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Thread: Will Liquid Pool Shock Bleach my Liner?

  1. #1
    Join Date
    Oct 2018

    Default Will Liquid Pool Shock Bleach my Liner?

    Good morning all, my pool pump went out a couple weeks ago before i had a chance to put chemicals in and circulate to close. i thought I would wait to buy a new one next season.

    The guy at the pool supply store said he just uses 2-3 gallons of Vertex CSS-12 liquid pool shock and algecide then just lets it disperse in the pool without circulation from a pump.

    Is there a chance that this much liquid pool shock would bleach my liner? The pool is 10 years old and just had the liner replace last year.

    My wife seems to think this will happen.....i don't want to be told next year when i take the cover off "I told you so".

    Thanks Scott

  2. #2
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    Jan 2005

    Default Re: Will Liquid Pool Shock Bleach my Liner?

    Yes, there's a chance it will.

    It depends on
    • the % concentration of the bleach, which may be more or less than labeled, for several reasons
    • the volume of your pool
    • and, most of all, on the composition of the liner print

    Unfortunately, liner patters & colors vary a lot in their resistance to chlorine levels, though the underlying PVC material is pretty consistently resistant. And, even more unfortunately, there is no way I have found in 30 years of pool work to distinguish liners prone to fading from those that are resistant.

    Well, you can tell after they've faded. But in advance? Nope. Never found a way to do that.

    So . . . no matter what you do, the liner may fade.

    And, without knowing your relationship to your wife, I can't be sure about any advice. But the prudent thing might be to say, "I'll do it however you like, honey. How do YOU want me to clear it up?"

    Just don't drain it: that WILL destroy the liner, or at the very least, require professional assistance to reinstall it. Liners are held in place with shop vacs, while warm and stretchy, and then by water afterwards. But they loose elasticity after installations, so when you drain them, and they shrink, they tend to tear when stretched back into place!

    But, as far as the facts of chemistry go -- and those seem often to be irrelevant in discussions between married couples about their pools -- bleach adds the same kind of chlorine as any other sort of chlorine. But it does not contain stabilizer. If your pool is un-stabilized -- and green slime often eats stabilizer. Literally! -- then dumping a lot of chlorine in all at once CAN bleach most liners. On the other hand, if it still does have stabilizer, then liner bleaching is much less likely.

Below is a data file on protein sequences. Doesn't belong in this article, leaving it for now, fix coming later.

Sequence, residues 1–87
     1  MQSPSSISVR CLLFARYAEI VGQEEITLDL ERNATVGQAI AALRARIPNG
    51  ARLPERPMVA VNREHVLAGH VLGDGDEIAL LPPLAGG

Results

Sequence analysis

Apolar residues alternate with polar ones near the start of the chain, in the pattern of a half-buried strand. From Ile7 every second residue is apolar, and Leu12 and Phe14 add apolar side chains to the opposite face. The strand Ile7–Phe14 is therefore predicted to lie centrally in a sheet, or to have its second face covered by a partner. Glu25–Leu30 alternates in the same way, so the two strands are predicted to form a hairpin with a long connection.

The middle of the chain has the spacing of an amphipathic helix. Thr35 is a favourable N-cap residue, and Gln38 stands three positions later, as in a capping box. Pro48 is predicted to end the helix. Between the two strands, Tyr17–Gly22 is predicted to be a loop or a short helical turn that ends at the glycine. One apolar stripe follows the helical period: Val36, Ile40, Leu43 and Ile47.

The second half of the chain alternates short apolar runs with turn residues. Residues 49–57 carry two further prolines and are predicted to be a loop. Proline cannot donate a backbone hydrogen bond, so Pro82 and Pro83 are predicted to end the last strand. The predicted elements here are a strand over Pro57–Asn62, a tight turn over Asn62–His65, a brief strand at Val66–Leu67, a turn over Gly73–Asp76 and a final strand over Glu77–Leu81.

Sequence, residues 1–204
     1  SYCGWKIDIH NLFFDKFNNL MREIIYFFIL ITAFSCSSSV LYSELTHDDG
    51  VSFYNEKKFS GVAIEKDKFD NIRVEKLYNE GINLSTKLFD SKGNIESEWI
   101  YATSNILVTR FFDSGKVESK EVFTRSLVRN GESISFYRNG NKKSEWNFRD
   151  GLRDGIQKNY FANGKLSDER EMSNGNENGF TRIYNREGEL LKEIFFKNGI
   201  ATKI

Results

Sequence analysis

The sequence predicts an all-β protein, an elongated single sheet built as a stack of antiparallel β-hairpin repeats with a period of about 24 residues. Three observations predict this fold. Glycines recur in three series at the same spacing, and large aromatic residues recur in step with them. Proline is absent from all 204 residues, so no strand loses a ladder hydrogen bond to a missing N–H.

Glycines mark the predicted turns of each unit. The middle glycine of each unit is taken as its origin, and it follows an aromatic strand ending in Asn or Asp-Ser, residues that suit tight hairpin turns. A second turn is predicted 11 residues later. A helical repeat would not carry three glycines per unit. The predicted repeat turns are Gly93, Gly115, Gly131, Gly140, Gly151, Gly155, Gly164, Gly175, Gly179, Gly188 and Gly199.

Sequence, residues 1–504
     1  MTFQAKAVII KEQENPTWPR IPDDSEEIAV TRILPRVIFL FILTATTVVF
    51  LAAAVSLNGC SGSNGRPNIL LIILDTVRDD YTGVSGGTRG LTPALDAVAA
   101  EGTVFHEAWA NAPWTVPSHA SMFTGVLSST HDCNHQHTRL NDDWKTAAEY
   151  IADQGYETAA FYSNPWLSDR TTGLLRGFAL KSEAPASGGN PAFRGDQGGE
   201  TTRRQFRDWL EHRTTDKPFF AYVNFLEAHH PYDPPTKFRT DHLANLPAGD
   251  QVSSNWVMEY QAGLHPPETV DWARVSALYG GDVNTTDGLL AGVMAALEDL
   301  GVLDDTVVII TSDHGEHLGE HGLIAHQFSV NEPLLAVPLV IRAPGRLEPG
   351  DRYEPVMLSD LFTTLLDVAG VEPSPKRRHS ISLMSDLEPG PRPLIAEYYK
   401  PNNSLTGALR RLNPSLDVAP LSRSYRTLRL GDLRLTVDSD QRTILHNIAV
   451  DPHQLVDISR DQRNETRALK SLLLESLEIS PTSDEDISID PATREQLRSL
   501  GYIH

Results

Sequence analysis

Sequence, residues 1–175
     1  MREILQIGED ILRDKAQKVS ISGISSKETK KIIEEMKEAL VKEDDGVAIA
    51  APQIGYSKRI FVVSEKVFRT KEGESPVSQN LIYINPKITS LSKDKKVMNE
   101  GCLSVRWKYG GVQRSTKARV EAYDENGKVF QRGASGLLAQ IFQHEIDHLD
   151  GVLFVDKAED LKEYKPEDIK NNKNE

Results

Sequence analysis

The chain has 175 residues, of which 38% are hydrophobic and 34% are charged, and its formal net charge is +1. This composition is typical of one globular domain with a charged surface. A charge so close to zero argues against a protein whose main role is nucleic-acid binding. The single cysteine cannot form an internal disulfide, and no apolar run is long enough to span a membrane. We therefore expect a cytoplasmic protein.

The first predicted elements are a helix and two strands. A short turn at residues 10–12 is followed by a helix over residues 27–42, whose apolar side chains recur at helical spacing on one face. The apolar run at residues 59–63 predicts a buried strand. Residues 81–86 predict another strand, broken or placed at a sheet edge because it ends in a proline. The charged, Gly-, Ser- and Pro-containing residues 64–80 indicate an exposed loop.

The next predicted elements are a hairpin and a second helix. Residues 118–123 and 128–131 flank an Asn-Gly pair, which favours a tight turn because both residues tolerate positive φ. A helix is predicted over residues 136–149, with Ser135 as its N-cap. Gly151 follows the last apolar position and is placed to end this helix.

There's another issue.

    The way slime eats stabilizer is interesting, and complex. (This Brazilian paper [ http://repositorio.ul.pt/bitstream/1...c080506_tm.pdf ] (mostly in English) covers the details nicely, you want the gory details.) But the somewhat rude version is that various bacteria 'eat' the cyanuric acid, and then 'poop' out other chemicals, lower on the pathway. These chemicals include urea and/or ammonia, both of which react in nasty ways with chlorine. However, after the first batch of organisms die off, a second batch comes along to 'eat' the 'poop' of the first batch.

    If you do not interrupt the process, it will continue till nitrogen gas or nitrates are formed. These are NOT a huge (or even any, in the case of N2) pool problem.

    Moral of this story? If your stabilizer has disappeared, it's probably better to let the 'eating' and 'pooping' process continue till spring, so you don't have to fight the ammonia and chlorine. But if your stabilizer is still present, you can do as you like.

    Regardless of everything else, monitor and control your pH levels.Low pH (< 7.0) damages ALL liners. And, high pH (>7.8) can allow some really nasty things to happen, biologically.

    Good luck!

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